Well it’s been a little longer than I would have liked since my last post. We had some internet issues here, so we were without internet for a couple of days. But it’s back up, and we’re using the ISP’s modem on the ISP’s account - which makes it free. (For those who are interested the Internet in Loja is mostly over the mobile telephone network. EDGE and CDMA I think).
Much has happened in the the week and a half since I wrote last. I left Cuenca on a road similar to before, with a driver just as insane as the last. I arrived in Loja mid arvo and was picked up by the entire Bakon family (Colin, Jill and their sons Matthew and Nicholas) who had been at lunch nearby… Within the hour we had arrived at their place and I was shown to the room I was staying and had started to settle in and ate a bit before heading out soon afterwards.
I have done a fair bit while I have been here. I started off doing some volunteering work in the ‘El Sendero’ cafe that SIM operate on Plaza San Sebastion. It was great getting in and doing something and meeting other missionaries and locals (Christians and non), especially after being alone for the last week. On Saturday night we (err, missos, volunteers and friends) went out to a local bar -and got to practice my spanish with a local over a beer (which is apparently the best way to learn a language). Also because this is the uni holidays the cafe is shut for the rest of my stay, which is a little disappointing.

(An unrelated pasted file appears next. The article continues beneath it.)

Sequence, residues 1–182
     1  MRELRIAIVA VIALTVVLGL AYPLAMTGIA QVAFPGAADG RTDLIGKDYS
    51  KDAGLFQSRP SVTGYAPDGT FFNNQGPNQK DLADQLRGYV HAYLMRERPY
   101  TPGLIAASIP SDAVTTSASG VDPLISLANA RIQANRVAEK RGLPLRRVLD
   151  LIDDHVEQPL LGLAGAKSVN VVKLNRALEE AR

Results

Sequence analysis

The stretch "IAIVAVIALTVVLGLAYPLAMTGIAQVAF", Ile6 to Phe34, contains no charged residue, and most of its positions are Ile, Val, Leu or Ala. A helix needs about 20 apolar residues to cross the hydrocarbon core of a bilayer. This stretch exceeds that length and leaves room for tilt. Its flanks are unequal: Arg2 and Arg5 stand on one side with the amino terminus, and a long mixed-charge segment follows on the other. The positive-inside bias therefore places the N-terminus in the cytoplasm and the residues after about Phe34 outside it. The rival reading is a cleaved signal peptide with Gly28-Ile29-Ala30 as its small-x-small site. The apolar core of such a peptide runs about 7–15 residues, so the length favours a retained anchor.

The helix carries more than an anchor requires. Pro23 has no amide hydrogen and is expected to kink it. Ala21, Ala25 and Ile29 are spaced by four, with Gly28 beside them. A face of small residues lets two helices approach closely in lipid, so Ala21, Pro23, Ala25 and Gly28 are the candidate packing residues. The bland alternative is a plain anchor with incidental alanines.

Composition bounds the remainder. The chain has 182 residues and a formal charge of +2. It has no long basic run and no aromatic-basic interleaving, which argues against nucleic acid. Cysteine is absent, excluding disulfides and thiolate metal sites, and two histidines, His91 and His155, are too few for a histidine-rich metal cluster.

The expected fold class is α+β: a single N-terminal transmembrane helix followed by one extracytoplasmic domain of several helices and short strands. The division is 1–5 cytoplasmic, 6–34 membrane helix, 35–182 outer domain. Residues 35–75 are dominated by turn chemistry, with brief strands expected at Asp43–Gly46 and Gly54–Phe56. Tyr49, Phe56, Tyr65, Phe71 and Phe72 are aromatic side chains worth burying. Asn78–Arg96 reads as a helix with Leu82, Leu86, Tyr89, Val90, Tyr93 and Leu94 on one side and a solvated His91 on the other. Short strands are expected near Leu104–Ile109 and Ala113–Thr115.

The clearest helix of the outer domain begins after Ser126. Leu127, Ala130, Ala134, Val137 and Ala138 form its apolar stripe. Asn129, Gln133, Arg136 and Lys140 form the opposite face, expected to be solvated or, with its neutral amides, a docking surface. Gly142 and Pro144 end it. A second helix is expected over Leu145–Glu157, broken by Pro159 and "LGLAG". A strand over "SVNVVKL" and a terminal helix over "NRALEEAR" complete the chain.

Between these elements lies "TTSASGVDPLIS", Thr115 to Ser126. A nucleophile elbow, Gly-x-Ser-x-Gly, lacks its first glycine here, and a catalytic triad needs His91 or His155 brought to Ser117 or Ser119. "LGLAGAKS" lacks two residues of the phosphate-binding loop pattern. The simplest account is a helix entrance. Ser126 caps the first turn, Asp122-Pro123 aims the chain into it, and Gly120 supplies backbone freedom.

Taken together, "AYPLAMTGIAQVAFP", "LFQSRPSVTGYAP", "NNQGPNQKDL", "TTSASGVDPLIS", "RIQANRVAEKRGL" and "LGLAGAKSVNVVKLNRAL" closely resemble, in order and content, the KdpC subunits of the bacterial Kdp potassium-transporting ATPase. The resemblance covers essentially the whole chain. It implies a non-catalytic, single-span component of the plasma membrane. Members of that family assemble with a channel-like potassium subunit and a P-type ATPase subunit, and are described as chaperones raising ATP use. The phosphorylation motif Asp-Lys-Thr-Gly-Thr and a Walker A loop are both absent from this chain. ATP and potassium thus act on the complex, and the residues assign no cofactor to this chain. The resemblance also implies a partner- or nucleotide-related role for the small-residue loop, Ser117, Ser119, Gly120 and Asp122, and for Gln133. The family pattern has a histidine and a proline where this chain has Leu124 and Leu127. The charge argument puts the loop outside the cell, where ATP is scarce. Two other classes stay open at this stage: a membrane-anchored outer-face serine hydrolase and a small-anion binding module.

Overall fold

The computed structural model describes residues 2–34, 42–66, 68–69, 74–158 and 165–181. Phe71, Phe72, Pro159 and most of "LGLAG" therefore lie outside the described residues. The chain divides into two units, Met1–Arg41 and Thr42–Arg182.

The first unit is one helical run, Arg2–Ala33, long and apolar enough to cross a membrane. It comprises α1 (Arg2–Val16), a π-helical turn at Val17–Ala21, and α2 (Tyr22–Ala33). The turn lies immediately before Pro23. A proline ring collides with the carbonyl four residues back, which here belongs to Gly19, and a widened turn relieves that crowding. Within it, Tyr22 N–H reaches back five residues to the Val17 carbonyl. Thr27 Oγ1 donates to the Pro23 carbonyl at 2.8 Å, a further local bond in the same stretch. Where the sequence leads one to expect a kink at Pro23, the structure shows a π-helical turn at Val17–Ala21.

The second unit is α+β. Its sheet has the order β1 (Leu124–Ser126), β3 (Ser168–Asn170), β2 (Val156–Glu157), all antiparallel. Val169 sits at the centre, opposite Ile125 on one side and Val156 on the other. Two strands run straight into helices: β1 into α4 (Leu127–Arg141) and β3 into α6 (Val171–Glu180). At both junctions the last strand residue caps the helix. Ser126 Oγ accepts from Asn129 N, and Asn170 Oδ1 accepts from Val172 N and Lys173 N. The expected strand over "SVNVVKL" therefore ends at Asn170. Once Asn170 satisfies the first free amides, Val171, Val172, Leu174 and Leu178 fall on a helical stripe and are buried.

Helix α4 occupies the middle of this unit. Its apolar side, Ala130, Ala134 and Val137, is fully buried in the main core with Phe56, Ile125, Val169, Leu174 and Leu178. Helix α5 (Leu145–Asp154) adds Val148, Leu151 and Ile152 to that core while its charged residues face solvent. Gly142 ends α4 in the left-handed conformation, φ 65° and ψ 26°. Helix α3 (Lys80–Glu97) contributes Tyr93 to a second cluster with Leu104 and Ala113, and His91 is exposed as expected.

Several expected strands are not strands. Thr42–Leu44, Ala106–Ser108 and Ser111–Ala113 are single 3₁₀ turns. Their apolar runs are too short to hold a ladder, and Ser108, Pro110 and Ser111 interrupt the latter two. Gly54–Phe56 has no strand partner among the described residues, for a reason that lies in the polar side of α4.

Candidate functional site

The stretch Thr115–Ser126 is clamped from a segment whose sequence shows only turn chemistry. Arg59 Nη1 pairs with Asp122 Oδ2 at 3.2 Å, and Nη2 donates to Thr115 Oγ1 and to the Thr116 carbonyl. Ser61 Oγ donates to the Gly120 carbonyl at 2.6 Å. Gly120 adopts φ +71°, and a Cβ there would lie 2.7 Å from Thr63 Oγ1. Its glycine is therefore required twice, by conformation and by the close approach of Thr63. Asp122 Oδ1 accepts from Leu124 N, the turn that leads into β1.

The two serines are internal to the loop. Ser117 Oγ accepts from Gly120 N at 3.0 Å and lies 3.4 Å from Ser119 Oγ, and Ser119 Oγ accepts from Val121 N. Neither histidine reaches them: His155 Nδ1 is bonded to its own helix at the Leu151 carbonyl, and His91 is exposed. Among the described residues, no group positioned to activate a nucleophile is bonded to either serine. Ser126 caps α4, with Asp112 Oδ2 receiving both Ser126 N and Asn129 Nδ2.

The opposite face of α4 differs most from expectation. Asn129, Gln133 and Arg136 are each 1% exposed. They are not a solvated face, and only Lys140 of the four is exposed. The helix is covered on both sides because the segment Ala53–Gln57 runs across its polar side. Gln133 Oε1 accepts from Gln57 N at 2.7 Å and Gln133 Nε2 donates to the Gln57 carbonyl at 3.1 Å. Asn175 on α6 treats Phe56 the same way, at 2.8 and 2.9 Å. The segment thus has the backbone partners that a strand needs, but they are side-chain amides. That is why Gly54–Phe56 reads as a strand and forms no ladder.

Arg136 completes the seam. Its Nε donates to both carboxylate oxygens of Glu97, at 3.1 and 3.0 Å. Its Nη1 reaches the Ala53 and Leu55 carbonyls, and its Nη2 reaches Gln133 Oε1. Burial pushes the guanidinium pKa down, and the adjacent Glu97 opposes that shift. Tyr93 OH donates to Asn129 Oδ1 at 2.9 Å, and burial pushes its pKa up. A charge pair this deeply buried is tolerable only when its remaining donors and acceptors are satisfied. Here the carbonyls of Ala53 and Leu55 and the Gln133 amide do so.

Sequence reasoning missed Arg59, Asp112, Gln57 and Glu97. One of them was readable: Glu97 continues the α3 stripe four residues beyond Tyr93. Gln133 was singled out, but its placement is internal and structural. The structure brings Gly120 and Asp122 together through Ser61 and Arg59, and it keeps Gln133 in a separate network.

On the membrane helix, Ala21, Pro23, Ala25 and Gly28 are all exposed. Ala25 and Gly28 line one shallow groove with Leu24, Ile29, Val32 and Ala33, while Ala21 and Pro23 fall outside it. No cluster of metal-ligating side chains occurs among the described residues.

On Sunday I went to church which was completely in Spanish and was very interesting. It is much the same as Australia, and singing in Spanish when I can hardly speak it was quite a challenge. Sunday night was an English conversation night run by the missionaries. The English classes in Myanmar were a great experience to draw on for this and it was lots of fun losing very badly at Pictionary and great to meet some more locals.
Monday was the day the Virgin del Cisne arrived in Loja after it’s trip from El Cisne (a statue who become something special when a local got healed). The plan was to head out with Rachel (she is from England and had stayed with the Bakon’s 2 years before for 6 months) and Colin early in the morning to see it as it went. Unfortunately the our planned route on Via Antigua was blocked by the police, so we, and hundreds of others, couldn’t go. Despite this, though, we managed to see it in the afternoon as it came into Loja. There were thousands of people who had come to follow the Virgin (at least as it went into the city). The amount of honour given to a inanimate statue made the whole experience very strange. But it was still fun to take part in the festival and watch the fireworks being launched from buildings only meters away while the fantastic latin music blared. I almost got into trouble when the band started shouting ‘Viva Ecuador!’ and everyone said ‘Viva!’ and then ‘Viva Loja!’, followed by a ‘Viva!’ then ‘Viva la Virgin’ followed by everyone saying ‘Viva!’ and me saying ‘No’ in a crowd full of people who adore the Virgin.
On Tuesday we went to a place near Gonzanama to have bible study. It was at a Christian family’s small farm which sat on the side of the mountain and required a 5-10 minute walk down from the dirt road. I really enjoyed seeing the contrast of how they lived compared to how people in the city lived.